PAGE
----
Los Angeles County was ordered to pay the largest settlement in its history for racial and gender discrimination against a group of more than 500 police officers that patrol hospitals, parks and other facilities. As members of the county’s Office of Public Safety, the predominantly Latino, Asian and African-American department alleged that they were paid less for doing the same work than the Sheriff’s Department – which is largely Caucasian. The Feminist Majority Foundation’s National Women in Policing Center, which has been involved in the suit since the beginning, applauds Superior Court Judge Victor Chavez for requiring the county to pay a record $100 million. “These officers are finally getting the justice they deserve,” said Eleanor Smeal, president of the Feminist Majority Foundation.
The county will be required to pay about $100 million in back pay and upgraded pensions as well as another $140 million over the next 25 years in increased salaries. The county plans to appeal the decision. However, if the appeal fails they could disband the department, county supervisors announced Thursday. “Quite frankly, this is really irresponsible and another public policy decision being made, not on public safety or what’s best for the citizens, but just a knee-jerk reaction to being told they’re not getting their way,” Attorney Patricia Bellasalma told the Los Angeles Times in reaction to Thursday’s announcement. “If they did that, it would be just to get rid of officers they do not want to pay. It would be another instance of showing their preference for a majority Caucasian Sheriff’s Department.”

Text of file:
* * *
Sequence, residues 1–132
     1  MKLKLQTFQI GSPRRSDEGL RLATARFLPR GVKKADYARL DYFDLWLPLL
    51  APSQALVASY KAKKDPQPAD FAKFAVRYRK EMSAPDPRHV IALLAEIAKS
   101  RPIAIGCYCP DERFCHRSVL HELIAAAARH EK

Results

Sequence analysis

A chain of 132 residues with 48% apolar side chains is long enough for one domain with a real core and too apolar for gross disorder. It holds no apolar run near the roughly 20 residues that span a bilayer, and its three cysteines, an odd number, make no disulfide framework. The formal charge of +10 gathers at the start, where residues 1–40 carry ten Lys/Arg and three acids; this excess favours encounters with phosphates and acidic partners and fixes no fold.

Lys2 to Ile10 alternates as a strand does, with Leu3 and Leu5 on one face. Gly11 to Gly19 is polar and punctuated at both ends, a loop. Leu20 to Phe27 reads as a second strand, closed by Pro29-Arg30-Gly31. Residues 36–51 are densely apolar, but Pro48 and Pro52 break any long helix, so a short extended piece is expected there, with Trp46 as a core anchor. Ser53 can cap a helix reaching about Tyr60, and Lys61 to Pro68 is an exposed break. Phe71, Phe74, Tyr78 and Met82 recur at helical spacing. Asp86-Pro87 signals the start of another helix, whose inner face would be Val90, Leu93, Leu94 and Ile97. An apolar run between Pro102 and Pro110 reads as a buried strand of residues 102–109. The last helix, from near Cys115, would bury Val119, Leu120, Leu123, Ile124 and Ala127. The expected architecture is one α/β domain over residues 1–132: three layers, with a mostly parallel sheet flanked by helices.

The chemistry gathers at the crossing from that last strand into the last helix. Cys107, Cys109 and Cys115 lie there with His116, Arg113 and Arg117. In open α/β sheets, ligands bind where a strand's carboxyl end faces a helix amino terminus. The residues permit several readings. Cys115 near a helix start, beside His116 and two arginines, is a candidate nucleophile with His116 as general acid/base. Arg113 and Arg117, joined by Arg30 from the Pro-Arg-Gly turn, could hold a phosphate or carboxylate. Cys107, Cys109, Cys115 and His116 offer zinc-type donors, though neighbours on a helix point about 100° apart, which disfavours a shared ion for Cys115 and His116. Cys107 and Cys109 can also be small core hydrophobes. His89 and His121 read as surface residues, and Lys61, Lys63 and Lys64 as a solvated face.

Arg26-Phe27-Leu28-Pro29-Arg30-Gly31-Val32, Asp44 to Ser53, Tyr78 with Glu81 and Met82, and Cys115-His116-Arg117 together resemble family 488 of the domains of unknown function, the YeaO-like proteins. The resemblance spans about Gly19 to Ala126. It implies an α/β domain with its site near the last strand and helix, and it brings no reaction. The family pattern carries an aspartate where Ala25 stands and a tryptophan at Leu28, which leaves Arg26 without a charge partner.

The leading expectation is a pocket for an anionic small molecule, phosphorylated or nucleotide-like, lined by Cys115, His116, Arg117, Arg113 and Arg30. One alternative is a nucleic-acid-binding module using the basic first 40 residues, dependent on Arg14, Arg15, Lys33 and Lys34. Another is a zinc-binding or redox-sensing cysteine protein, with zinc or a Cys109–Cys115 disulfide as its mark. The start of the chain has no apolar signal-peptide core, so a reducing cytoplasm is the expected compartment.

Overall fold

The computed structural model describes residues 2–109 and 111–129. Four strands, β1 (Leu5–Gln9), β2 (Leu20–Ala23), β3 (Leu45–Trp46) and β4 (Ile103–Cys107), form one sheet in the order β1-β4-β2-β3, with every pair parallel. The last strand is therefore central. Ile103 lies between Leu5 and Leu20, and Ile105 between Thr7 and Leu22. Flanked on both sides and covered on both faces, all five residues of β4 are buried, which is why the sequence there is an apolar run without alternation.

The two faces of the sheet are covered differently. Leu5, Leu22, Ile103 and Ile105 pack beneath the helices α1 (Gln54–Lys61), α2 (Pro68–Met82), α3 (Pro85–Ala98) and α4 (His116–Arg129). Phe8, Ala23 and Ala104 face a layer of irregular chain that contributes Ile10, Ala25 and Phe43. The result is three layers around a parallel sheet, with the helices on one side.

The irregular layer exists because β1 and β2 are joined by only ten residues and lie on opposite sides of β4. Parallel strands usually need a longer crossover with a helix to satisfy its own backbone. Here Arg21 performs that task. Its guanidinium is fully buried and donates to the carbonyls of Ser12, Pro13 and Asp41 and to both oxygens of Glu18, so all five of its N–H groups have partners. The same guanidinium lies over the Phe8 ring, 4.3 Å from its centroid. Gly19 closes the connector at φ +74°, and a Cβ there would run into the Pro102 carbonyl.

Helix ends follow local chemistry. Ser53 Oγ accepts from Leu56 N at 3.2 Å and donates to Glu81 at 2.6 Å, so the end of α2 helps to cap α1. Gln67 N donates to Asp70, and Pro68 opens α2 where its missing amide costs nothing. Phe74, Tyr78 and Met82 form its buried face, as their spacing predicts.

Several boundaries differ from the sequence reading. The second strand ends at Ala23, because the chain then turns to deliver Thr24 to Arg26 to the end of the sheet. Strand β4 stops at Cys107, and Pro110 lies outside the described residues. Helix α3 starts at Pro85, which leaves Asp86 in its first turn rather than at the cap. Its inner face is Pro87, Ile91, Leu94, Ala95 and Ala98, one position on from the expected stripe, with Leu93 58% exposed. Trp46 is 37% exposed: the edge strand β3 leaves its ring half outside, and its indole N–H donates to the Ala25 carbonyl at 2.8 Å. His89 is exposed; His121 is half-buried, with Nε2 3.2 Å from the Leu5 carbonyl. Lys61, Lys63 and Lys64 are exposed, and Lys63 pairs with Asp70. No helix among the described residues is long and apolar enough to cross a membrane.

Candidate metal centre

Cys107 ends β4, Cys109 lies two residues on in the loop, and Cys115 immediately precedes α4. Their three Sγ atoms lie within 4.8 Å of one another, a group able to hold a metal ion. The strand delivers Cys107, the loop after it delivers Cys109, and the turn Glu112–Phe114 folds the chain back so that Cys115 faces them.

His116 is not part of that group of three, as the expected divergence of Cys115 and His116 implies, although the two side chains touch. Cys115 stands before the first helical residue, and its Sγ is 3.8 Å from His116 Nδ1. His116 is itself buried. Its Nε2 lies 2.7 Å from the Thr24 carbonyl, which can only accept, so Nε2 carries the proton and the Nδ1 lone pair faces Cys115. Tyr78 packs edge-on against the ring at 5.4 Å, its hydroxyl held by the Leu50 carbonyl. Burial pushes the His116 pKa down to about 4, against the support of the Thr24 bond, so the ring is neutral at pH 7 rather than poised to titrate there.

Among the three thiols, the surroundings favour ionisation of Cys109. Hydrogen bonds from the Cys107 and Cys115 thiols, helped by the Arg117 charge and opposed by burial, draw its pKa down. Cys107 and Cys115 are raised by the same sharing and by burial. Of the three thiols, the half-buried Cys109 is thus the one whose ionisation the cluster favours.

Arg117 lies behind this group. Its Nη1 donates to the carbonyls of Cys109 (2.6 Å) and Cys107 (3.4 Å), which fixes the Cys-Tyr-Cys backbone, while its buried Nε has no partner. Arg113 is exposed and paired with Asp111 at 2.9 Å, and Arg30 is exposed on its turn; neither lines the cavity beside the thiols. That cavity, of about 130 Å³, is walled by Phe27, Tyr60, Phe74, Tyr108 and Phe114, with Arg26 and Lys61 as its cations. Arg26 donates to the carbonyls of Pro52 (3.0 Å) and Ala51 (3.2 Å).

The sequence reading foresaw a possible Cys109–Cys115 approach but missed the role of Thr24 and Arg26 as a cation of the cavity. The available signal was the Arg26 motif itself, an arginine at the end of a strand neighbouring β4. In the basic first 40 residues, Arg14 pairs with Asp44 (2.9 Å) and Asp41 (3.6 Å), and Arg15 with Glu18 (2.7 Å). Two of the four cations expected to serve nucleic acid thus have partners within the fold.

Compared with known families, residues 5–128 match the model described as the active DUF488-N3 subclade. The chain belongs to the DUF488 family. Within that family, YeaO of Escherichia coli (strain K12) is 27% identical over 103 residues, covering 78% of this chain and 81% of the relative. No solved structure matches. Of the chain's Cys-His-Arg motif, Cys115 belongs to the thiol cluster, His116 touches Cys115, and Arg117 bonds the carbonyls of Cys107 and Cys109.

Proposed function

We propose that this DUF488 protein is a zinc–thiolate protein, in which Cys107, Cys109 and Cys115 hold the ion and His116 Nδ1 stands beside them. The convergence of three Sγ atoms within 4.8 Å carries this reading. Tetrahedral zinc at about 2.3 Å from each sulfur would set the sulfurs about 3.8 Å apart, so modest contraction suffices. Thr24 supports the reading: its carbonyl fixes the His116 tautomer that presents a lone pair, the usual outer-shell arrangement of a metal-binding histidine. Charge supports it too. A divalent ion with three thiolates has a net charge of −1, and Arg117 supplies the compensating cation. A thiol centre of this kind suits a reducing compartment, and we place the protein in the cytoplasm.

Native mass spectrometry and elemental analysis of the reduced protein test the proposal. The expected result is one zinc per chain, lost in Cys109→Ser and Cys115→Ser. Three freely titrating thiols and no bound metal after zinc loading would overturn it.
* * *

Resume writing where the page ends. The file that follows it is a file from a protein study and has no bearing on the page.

During a two-week trial that ended June 6, the officers told a jury how they battled street gangs, restrained often-violent psychiatric patients and lost six officers in the line of duty. However, they were compensated more like security guards than police – with salaries beginning at about $30,000, compared to $42,000 for Sheriff’s deputies. In addition, these officers do not receive safety retirement and their families are not taken care of in the event of a death in the line of duty.